To the Editor:
Despite what Mr. Perlmutter admits is the widely held view that executive search firms are “mercenaries,” he uncritically accepts that these are a fixture of the academic landscape (“Administration 101: Working With Executive Search Firms,” The Chronicle, March 5). In fact, his piece only reinforces this view by recommending ways in which prospective administrators can gain the attention of headhunters and work hand-in-hand with them to advance their ambitions.
Mr. Perlmutter’s advice, while perhaps informed by personal experience, glosses over the facts of the executive search business. We recently completed a study of the contracts between 61 public universities and executive search firms for presidential and provost searches. Our findings, based solely on a review of documents we obtained through an exhaustive set of open records requests, suggests that the contractual obligations of a search firm may fall well short of the commonly held views of the services and value they are perceived to provide.
Other than providing for the education of their students, perhaps no other set of decisions is more important to the future of our universities than the hiring of its future leadership. Yet, for no other reason than what seems to be convenience, both governing boards and university administrators have chosen to outsource this critical function to a for-profit industry. As Mr. Perlmutter notes and our research documents, these firms are well paid. And, while they certainly want their clients to be satisfied, their primary obligation is neither to the client institution or the candidate — it’s to their bottom line.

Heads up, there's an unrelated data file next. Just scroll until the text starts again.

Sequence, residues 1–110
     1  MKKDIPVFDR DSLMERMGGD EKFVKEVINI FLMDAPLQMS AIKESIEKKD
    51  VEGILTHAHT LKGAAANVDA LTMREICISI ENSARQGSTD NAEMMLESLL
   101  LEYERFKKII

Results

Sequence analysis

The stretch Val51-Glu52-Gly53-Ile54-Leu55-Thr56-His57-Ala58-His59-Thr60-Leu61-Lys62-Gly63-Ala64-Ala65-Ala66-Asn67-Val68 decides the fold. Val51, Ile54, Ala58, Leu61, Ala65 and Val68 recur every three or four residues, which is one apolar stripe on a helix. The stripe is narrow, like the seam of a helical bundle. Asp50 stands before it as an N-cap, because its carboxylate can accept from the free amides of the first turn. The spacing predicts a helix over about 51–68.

This is a multibillion-dollar industry. This year, the nonprofit and government sector is projected to grow my 19 percent. Higher education will be a very significant part of that growth. We should ask ourselves if this is the best investment of our limited resources.
James H. Finkelstein
Professor Emeritus of Public Policy
Schar School of Policy and Government
George Mason University